Earlier this year I wrote a post about the sufferation of black women on screen. Fatigued by the incessant portrayals of black women as beasts of burden and strife, I lamented the stories of the black women characters in media were a “little more fiery, a little more brimstoney than the hell reserved for other women.” I might have spoken too soon as 2016 has proved to be a year where more black women than ever before have appeared on screen in TV shows and behind the camera as writers, directors and producers, saying that I am glad I did speak because we must never forget there was a time just 12 months ago when you’d be hard pressed to see so many black women in the forefront of shows.
This year we have been sandwiched in between Micheala Coel’s runaway smash hit Chewing Gum and Issa Rae’s long awaited triumph Insecure. These two shows couldn’t be more different if they tried, expressing the diversity of blackness and the varying experiences of black womanhood; most importantly Coel and Rae have achieved this without denigrating and degrading black women. It’s a miracle what can happen when black women are capable of achieving when given the reigns to control our own narratives. I draw attention to Coel and Rae because as well as being the leads in their shows, they are also the writers. You can see clearly how important autonomy over our own stories is- while the stereotypes of black women (angry, sassy, strong) are prevalent throughout Chewing Gum and Insecure they are nuanced and explored and explained. To quote (again) from Chimamanda Ngozie Adichie the problem with “stereotypes is not that they are untrue” but it is when they are presented as the singular representation of black women they deny us the depth and wealth of our humanity. Black women want to see ourselves as whole characters beyond the two dimensional shackles those who are not us impose on us when when they arrogantly assume they understand what it’s like to be us. Black women want see versions of ourselves fuck and be fucked, cheat and be cheated on, love and be loved the same way everyone else is and here we have upon us a new age where we are equipped to forge forth with our own views of the world and what it’s like being in it.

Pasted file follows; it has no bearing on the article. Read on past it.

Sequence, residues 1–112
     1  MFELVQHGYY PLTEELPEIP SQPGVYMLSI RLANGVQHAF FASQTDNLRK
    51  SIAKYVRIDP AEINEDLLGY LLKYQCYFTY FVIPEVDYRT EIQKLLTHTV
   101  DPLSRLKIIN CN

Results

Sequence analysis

Black women have been able to access to roles they wouldn’t have otherwise been able to secure because of this slow journey where blackness is being normalised. White creatives are being forced to analyse their casts and crew and writing teams, taking note that if they are not making space at the table for people of colour and black women specifically they are part of the problem. And don’t conflate the issues- black women haven’t begged to be acknowledged, we’ve worked for it- Issa Rae and Micheala Coel created their own platforms before TV took notice of them. Coel toured with her play Chewing Gum Diaries and Issa Rae ran her channel on YouTube consequentially spending years in development with HBO before releasing Insecure. This evoltution of the representation of black women on screen has been a long battle, not for the faint of heart and we still have further to go.
This doesn’t mean that we can rest on our laurels now that we are beginning to see change. We must make it impossible to return to the dark ages of the early 2010s when pervasive lies were touted that black women didn’t have the gravitas to be included let alone lead TV narratives. Here in Britain, we are always on the precipice of falling back into a TV landscape where the stories that are told on screen are exclusively white. It is a distinct possibility given Culture Minister Karen Bradley’s decision not to appoint an unnamed BAME (Black, Asian, Minority or Ethnic) woman to the Channel 4 board despite her qualifications instead choosing to keep the entire board solely white in an highly unusual move. We will only continue to see more diverse television if the decision makers, the channel controllers, channel commissioners, channel board members also reflect the diversity of society. I support David Lammy's demands to find out why Karen Bradley made this decision. Unlike Sir Trevor McDonald, I believe in the need for diversity quotas in these media institutions because left to their own devices white people like Karen Bradley have proven themselves incapable of instituting change and only paying lipservice to more diverse representation on and off the screen.
We have such a long way to go, but how glorious this renaissance feels- to have options. If you don’t like Crazy Head, you can watch Black Mirror, if you don’t like Queen Suga you can watch How To Get Away With Murder, if you don’t like Scandal you can watch Insecure, if you don’t like Chewing Gum, you can watch Ackee & Saltfish- but this list is finite. La luta continua- as my mum reminded me this morning.
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